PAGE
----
An informative and thoroughly enjoyable evening. If you’re interested in finding out more about agriculture in the fertile Sa Vall area, this should appeal to you. Sitting under the stars beneath strings of lights added to the cosy ambience.
Good to Know
Wear comfortable shoes for the tour around the fields and surrounding tracks. And even though the daytime may still be warm, the valley cools quickly so be sure to take a jacket or sweater.
To book – or for more details – phone 627 753 038.
Our first stay at the 5-star Hotel El Coto in Colònia de Sant Jordi was in 2015, shortly after I read about it while editing a local guide to wines and wineries. Why was a hotel included in this guide? Because those in the know refer to El Coto as ‘the wine hotel’. With good reason.
No Ordinary Seaside Hotel
Hotel El Coto may be in a seaside resort with other holiday hotels and apartments nearby, but it’s a cut above many tourist hotels. The 50-room hotel has a superb cellar – both in terms of design and contents – with more than 200 Spanish (including a good choice of Mallorcan) wines on offer. Prices range from the affordable to the aspirational. Pingus, Vega Sicilia, or La Hermita, anyone?
Wine enthusiasts usually appreciate fine cuisine too and those who dine at Hotel El Coto’s poolside La Pergola restaurant are in for a treat. Several years ago, the Navarrete family – who own and run the hotel – brought in chef Gerhardt Schwaiger as their culinary consultant. Gourmets who’ve known Mallorca for years will probably remember that Schwaiger was at the former 2-Michelin-star Tristán restaurant in Puerto Portals.
Dinner at La Pergola
You don’t have to be staying overnight in Hotel El Coto to dine here – but you do need to book a table because this restaurant has become popular among locals. And if you want to do full justice to the wine possibilities here, booking a room for the night is a good idea.
A five-course dinner (with choices) costs 45 euros (including IVA). Individual dishes are priced so you can choose fewer courses if you wish. Drinks are not included.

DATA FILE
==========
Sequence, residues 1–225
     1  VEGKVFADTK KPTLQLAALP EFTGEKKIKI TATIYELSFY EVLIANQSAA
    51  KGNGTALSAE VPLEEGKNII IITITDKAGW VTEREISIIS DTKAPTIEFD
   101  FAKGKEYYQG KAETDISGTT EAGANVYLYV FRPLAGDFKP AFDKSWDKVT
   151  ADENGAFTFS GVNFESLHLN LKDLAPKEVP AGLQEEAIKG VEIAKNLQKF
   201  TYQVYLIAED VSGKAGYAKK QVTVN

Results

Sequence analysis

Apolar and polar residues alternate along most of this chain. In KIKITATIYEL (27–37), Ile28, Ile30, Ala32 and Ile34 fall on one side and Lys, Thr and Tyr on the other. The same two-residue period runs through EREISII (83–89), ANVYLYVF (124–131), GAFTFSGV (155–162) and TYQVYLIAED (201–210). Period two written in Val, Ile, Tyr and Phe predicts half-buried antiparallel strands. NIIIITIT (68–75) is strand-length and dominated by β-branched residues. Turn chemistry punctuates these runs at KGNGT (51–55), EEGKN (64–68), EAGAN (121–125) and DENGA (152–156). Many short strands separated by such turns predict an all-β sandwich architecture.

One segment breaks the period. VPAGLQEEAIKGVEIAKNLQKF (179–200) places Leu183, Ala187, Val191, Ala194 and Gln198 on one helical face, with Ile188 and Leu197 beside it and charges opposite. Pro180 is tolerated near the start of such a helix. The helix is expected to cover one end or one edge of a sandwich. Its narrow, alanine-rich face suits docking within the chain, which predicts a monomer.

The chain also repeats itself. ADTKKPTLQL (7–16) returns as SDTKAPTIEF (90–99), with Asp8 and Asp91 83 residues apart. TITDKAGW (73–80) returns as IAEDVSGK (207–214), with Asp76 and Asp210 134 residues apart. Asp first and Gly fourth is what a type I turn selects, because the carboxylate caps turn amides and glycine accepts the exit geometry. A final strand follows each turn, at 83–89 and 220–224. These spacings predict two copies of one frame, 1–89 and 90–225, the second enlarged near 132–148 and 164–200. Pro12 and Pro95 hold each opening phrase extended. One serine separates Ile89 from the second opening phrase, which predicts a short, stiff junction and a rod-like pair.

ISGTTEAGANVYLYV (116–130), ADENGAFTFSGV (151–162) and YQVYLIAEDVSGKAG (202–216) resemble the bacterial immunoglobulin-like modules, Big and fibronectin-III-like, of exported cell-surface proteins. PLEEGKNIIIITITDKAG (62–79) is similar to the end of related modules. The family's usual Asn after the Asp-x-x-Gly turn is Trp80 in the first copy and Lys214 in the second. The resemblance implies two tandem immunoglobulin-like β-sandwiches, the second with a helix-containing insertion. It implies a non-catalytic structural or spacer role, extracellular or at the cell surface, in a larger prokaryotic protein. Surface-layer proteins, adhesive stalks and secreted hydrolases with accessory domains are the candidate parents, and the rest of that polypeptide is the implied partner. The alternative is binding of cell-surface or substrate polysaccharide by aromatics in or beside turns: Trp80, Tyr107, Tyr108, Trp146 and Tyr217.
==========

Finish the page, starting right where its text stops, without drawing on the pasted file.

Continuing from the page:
A Birthday Treat
The Boss had his birthday at the weekend and I treated him to dinner and a night away at Hotel El Coto again. The hotel has the benefit of being around 100 metres from a beach and the fact that it faces one of the oldest salt flats adds to the interest of its location.
Our Saturday night dinner was accompanied by live music from a pianist, playing the hotel’s white baby grand beside the pool. At night, the sun loungers are moved out of sight and atmospheric lighting around the swimming pool creates a magical ambience.
For our 5-course dinner we chose: Waldorf salad; creamy soup of velvet swimming crabs with king crab (absolutely delicious); fresh red tuna with olive oil, sesame, and chive; hake with vegetable risotto and lemon butter, and fresh figs with cassis granita, vanilla ice cream and cheesecake cream. A memorable birthday dinner, for sure, but my camera photos didn’t do the food justice.
We Love …
… pretty much everything here. Hotel El Coto is spotlessly clean and well maintained. Each of the 50 stylish rooms and suites is individually decorated; types range from a single room to a two-bedroom suite with separate living area and views over the salt lakes. We stayed in the gorgeous Suite 211, overlooking the pool and gardens.
Most impressive of all is the high level of hospitality offered by owners Myriam and Pepe Navarrete, their son Cristian, and their hard-working team. Little wonder that Hotel El Coto in Colònia de Sant Jordi has a high number of repeat guests … including us.
Anyone for plump, juicy tomatoes, recently harvested? Glossy peppers or aubergines? A thirst-quenching, cooling watermelon? These and more are among the summer vegetables and fruit grown in the beautiful, fertile valley in Mallorca near Manacor, known as Sa Vall.
This peaceful Mallorcan valley is home to the rural hotel Reserva Rotana, which has its own private nine-hole golf course. But most of the rest of Sa Vall is given over to agricultural activities.
We know Sa Vall quite well and I often wished we could find a farm shop in the valley as it’s not too far from our home. Thanks to a new initiative launched a few weeks ago, it’s now possible to shop for fresh, seasonal produce on Saturday mornings.
S’Hort de sa Vall
S´Hort de sa Vall is the result of Terracor – which grows produce on land in different areas around Manacor – joining forces with Estel de Llevant, a non-profit organisation in Mallorca helping people with mental health issues and, in the case of this latest project, providing employment for five people in the farm shop and kitchen.
Under the umbrella of the Venda Directa scheme, enabling the public to buy direct from producers, the smart farm shop opens to sell its well-displayed produce. As well as fresh fruit and veg, you’ll find local cheese, wines, preserves, pickles, sobrasada, olive oils, etc for sale.
Stop for a Drink Too
There’s more: the beautifully renovated building that houses the farm shop also has a large kitchen and space for event catering. On Friday evenings they offer a guided visit and tasting dinner – which must be booked in advance on the preceding Tuesday or Wednesday. As soon as the temperature drops, we’ll be there.